Anonymous said...

I wanted to comment on MEN, THE DISPOSABLE SEX but could not find the specific link. While I have not engaged personally, I have followed your online conversations with genuine interest, sometimes amusement, sometimes sadness and mostly respect or appreciation for the sincere effort with which so many individuals try to respond thoughtfully and compassionately to challenging issues for which there are no easy answers. Whether others agree with you or not, I admire your ability to invite and encourage the exchange of ideas. One observation I will share (because it touches on conversations we have had) refers to men as the disposable sex not just in the obvious areas of healthcare, labor and warfare but in a much broader sense. In my listening practice, male clients come to me with the same full range of moral, physical, social and emotional concerns as women, and their pain or struggle is not that different from the pain or struggle reported by women, with one key exception. Their pain or struggle or confusion is often not taken seriously, is not seen as a genuine cause for concern as if some myth of male toughness, pride, self-sufficiency or assumed male privilege invalidates their need for or right to a caring response supported by a fair share of the resources available.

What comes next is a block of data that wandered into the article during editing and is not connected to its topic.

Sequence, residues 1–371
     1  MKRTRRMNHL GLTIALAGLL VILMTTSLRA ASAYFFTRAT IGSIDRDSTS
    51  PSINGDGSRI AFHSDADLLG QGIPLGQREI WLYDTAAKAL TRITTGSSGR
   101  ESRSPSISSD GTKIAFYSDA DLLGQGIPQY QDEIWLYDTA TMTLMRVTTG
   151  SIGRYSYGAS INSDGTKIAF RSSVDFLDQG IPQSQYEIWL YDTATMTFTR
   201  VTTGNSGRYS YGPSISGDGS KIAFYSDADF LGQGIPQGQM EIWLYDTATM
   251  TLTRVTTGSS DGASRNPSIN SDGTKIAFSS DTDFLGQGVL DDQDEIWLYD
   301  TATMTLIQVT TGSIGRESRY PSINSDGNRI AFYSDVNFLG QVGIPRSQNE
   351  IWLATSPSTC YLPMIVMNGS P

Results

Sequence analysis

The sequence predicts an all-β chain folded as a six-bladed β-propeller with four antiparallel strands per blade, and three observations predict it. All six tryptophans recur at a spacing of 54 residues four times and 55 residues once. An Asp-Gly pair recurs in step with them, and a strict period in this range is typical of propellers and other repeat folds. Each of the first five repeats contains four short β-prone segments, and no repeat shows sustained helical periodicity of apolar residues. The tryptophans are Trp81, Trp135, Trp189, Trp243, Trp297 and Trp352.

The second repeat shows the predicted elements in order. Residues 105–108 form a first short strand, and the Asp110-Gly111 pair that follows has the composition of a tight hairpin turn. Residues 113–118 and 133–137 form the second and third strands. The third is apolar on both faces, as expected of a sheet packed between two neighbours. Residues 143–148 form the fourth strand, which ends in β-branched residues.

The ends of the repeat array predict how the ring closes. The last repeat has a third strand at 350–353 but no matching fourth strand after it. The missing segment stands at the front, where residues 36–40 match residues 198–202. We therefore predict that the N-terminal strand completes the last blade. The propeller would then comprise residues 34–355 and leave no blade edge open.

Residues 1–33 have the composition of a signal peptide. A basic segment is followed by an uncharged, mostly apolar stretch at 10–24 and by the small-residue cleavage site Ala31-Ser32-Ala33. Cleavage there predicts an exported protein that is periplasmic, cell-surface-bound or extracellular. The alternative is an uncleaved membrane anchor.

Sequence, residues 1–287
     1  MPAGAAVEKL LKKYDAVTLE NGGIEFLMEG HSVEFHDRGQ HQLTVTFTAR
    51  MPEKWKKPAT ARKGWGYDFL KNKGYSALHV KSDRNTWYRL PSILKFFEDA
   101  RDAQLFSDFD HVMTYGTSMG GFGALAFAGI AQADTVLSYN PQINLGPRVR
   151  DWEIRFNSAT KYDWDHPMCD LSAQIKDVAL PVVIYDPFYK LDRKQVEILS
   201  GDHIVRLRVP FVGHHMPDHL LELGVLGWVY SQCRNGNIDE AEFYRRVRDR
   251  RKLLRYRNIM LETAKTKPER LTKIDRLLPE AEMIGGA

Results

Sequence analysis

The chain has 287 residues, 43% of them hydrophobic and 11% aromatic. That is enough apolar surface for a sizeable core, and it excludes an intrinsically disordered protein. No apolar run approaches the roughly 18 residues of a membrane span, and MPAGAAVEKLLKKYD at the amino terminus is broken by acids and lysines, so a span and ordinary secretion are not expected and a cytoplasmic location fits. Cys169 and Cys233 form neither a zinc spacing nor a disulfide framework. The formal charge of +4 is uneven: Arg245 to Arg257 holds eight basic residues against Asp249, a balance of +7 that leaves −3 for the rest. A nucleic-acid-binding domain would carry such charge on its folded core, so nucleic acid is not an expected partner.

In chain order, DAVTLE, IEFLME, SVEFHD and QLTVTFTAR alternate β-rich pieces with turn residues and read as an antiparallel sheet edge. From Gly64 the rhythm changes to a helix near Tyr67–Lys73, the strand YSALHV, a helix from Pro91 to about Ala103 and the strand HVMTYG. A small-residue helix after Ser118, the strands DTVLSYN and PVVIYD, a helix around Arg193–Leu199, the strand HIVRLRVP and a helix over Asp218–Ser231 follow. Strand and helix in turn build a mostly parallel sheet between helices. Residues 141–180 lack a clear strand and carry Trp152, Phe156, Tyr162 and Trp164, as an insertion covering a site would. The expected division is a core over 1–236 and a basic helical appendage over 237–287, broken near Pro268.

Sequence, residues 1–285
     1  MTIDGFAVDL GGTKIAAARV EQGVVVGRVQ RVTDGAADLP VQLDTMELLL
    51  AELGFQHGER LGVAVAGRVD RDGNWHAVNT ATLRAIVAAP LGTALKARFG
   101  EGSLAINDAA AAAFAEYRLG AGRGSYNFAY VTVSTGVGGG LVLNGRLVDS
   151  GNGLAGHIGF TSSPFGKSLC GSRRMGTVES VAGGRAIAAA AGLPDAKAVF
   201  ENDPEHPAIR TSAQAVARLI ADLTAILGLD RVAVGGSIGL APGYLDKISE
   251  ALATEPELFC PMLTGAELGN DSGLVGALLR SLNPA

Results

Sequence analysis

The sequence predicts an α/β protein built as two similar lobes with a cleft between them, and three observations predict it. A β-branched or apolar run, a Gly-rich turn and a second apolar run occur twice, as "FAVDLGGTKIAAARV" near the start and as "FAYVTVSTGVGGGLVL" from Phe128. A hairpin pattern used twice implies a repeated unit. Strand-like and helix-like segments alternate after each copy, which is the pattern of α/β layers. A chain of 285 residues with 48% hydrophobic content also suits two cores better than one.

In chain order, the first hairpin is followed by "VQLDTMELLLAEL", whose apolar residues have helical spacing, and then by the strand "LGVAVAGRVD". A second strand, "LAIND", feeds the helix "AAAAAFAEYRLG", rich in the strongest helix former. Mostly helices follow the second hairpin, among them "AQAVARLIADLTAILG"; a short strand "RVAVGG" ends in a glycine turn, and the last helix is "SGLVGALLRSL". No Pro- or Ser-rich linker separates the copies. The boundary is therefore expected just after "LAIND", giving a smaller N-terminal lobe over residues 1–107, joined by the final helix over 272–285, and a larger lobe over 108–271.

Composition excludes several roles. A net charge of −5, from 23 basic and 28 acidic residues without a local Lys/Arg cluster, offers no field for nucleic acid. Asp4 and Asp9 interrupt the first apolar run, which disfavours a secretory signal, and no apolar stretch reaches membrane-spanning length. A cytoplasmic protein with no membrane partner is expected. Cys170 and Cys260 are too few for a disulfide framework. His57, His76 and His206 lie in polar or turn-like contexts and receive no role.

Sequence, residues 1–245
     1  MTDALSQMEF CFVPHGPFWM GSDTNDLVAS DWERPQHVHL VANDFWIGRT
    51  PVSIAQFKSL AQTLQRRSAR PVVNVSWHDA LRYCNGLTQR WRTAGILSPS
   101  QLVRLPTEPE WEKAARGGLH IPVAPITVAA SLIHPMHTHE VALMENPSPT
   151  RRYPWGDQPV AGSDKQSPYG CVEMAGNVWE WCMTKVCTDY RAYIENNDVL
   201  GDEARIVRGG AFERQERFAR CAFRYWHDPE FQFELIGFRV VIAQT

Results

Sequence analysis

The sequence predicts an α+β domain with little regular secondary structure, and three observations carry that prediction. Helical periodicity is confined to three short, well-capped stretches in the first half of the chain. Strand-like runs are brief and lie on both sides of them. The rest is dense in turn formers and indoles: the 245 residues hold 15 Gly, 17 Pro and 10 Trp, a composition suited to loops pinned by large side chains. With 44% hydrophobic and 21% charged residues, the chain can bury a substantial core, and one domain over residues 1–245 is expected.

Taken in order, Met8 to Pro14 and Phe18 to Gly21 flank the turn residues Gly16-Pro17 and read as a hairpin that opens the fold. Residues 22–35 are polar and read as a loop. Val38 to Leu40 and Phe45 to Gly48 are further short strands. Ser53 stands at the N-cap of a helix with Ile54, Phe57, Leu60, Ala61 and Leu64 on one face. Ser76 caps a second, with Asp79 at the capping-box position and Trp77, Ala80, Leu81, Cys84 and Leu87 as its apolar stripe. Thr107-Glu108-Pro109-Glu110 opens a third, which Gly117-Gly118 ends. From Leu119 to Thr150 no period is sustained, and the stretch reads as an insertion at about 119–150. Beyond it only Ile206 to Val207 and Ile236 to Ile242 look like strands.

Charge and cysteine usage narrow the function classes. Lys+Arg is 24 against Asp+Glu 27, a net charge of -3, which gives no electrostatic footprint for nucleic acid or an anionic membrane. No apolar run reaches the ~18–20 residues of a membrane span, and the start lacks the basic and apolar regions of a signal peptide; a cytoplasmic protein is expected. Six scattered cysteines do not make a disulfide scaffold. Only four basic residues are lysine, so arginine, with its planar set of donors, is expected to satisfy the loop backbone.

Marty Nemko said...

Someone named D.T. submitted a post asking some questions I believe would more appropriately be answered privately. S/he did not provide his/her email address, so I need to respond here. Dear readers, I apologize for having to insert this personal communication on the blog.

Dear DT,

You asked me to reveal the name of someone whom--whether he gave permission or not--would be hurt by my revealing his name. (By the way, he has been promoted from the position he previously held.) I won't do that. (Anyway, he told me that if I told anyone what he said, he'd deny it.)

If you're interested in getting the answer to your other questions, email me with your real name and phone number. I'll respond either by email or phone.

Marty Nemko